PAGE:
Taylor Ho Bynum
Taylor Ho Bynum Tomas Fujiwara©2007
Though he is best known as a cornetist, Taylor Ho Bynum plays various brass instruments. As a composer, Bynum collaborates with artists in dance, film, and theater and leads his own Trio, Sextet, and the nine-piece SpiderMonkey Strings. He is a curator of the Festival of New Trumpet Music (FONT). Bynum also regularly performs with Anthony Braxton – a new edition of their duo CD, Duets (Weslayan) 2002, has been released by Innova. Additionally, he has ongoing collaborations with Joe Morris, Miya Masaoka and others. He is featured on over forty recordings, including the recently issued True Events (482 Music), an album of duets with Tomas Fujiwara, The Middle Picture (Firehouse 12), featuring his Sextet and Trio, and Live in Oxford (FMR), the debut of The Convergence Quartet, a cooperative with Harris Eisenstadt, Alexander Hawkins and Dominic Lash (the latter is reviewed in this issue’s Moment’s Notice). Forthcoming releases include albums by Bynum-Stephen Haynes co-led Double Trio on Engine, and by Thirteenth Assembly, a quartet with Mary Halvorson, Jessica Pavone and Fujiwara on Important. Bynum maintains an information-rich, frequently updated site at: www.taylorhobynum.com.
What is the most difficult airline to deal with in terms of instruments and equipment?
As primarily a cornet/flugelhorn player, I can almost always carry on my horns, which is a relief. When I’m bringing multiple horns and am forced to check some of them, they almost invariably show up after the gig. I’ve heard nightmare stories about most carriers, so I think the difficulties are across the board. I generally hate how the cultivated fear of “terror” becomes an excuse for gross incompetence.
Which airline has the worst economy seating and food?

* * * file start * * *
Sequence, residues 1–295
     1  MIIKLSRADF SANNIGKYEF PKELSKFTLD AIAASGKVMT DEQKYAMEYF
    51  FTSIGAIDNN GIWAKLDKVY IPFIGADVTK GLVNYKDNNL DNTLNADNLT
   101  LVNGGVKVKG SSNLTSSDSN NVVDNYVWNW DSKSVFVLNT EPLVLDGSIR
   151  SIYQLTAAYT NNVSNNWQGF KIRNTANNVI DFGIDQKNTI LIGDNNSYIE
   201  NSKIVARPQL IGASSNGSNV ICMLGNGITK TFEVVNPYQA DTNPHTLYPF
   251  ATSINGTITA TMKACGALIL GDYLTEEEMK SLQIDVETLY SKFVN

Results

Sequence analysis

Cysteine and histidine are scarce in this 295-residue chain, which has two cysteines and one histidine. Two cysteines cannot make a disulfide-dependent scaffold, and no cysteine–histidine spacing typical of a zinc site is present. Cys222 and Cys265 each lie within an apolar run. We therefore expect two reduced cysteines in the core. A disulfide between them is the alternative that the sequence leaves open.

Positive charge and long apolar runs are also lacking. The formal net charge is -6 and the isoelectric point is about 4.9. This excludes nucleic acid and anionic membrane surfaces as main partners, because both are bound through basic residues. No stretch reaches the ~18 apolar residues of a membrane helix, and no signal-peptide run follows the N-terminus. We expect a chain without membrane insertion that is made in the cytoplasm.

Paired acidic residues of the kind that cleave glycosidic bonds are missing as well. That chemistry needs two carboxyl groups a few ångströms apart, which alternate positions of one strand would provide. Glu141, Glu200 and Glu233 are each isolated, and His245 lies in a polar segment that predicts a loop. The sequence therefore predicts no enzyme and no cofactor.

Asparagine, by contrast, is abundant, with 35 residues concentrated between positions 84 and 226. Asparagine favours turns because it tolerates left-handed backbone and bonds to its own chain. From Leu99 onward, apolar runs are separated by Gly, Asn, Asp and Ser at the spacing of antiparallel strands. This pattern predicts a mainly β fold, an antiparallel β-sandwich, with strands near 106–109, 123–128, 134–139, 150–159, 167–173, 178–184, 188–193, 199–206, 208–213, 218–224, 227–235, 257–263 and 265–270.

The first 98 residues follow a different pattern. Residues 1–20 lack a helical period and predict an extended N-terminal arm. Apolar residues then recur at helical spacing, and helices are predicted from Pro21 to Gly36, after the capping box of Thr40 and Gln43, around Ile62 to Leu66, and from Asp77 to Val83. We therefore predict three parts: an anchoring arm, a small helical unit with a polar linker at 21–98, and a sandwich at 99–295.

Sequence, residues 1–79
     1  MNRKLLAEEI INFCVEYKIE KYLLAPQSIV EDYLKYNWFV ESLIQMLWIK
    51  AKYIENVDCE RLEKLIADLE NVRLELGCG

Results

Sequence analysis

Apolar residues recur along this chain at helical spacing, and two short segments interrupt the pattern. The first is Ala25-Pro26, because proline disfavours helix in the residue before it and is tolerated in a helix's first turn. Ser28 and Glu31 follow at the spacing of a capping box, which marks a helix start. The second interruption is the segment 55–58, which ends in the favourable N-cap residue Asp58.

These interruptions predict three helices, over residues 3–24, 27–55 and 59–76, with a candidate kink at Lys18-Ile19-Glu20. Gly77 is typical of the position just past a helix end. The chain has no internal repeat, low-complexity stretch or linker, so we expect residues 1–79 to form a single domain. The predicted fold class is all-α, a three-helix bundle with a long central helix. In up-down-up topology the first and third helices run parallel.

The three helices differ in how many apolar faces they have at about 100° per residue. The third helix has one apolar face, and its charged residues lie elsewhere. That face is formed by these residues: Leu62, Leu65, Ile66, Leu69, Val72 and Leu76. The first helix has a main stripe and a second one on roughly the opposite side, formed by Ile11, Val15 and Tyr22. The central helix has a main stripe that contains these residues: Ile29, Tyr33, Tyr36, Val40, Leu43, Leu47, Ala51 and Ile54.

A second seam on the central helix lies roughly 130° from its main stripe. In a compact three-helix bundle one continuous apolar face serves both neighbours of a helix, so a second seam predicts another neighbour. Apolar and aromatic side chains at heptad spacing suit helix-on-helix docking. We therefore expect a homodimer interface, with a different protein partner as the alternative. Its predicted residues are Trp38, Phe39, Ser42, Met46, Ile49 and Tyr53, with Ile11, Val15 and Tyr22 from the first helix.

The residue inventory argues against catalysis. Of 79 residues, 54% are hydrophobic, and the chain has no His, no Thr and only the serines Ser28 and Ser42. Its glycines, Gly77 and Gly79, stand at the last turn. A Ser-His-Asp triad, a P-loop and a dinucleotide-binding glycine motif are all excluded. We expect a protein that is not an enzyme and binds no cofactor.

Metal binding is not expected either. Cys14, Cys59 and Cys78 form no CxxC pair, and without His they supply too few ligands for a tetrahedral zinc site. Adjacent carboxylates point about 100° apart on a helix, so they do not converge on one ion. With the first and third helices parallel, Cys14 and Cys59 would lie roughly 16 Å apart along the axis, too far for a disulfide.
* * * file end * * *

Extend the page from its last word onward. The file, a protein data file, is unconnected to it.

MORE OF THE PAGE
I’ve recently discovered the joys of fasting while traveling, which saves me from the airline food. The worst seating is whenever you get the last row seats, next to the bathroom, so they don’t lean back and it smells funny. Or a red-eye flight to London I once had with literally five sets of infant children surrounding me on every side. I think it is less the airline then the specific context that can make the flights insufferable.
Which airport is craziest for making connecting flights?
The craziest experience I ever had was in Frankfurt. We had missed our connection, then they sent us to four different gates at every corner of the airport. When we finally got to the right gate just as they started boarding, they informed us that we needed paper tickets, not electronic and had to get those at the front ticket counter, maybe a half mile away. I had to madly sprint there and back, looking like a crazy person, and got back with literally seconds to spare. There’s nothing like running at top speed through a crowded airport after an overnight flight to get the adrenaline flowing.
What is the most important thing you ever forgot to pack?
I actually left my horn at Tonic one night (way back when I was still playing trumpet, and back when Tonic still existed), and arrived in Connecticut at 3am that night for the next day’s gig, and while unloading the car had the unfortunate realization. I had to play the next gig all on pocket trumpet. I had a friend who lived in near Tonic who picked the trumpet up for me the next day, and amazingly, the horn sat by the door of the club for 24 hours in the Lower East Side without getting stolen. Sadly, I didn’t really learn from the experience, and just last February left my flugelhorn sitting in the airport in Vienna. I didn’t realize until I had checked into the hotel and was looking for my valve oil (“Oh yeah, it’s in my flugelhorn case. Wait, where the *#%^ is my flugelhorn case!”). Again, the gods smiled upon me, and despite my great idiocy, the horn was still at the airport lost and found.
What is your worst lost baggage story?
By far the most painful was when I was traveling with Anthony Braxton, and he had a rare f-alto saxophone stolen…his case showed up on the baggage carousel stripped clean of the horn. I was amazed at how calm he remained, that was a lesson for me in true road Zen. I’ve had horns show up after the gig, or gotten bags back weeks after I returned, but nothing as bad as that.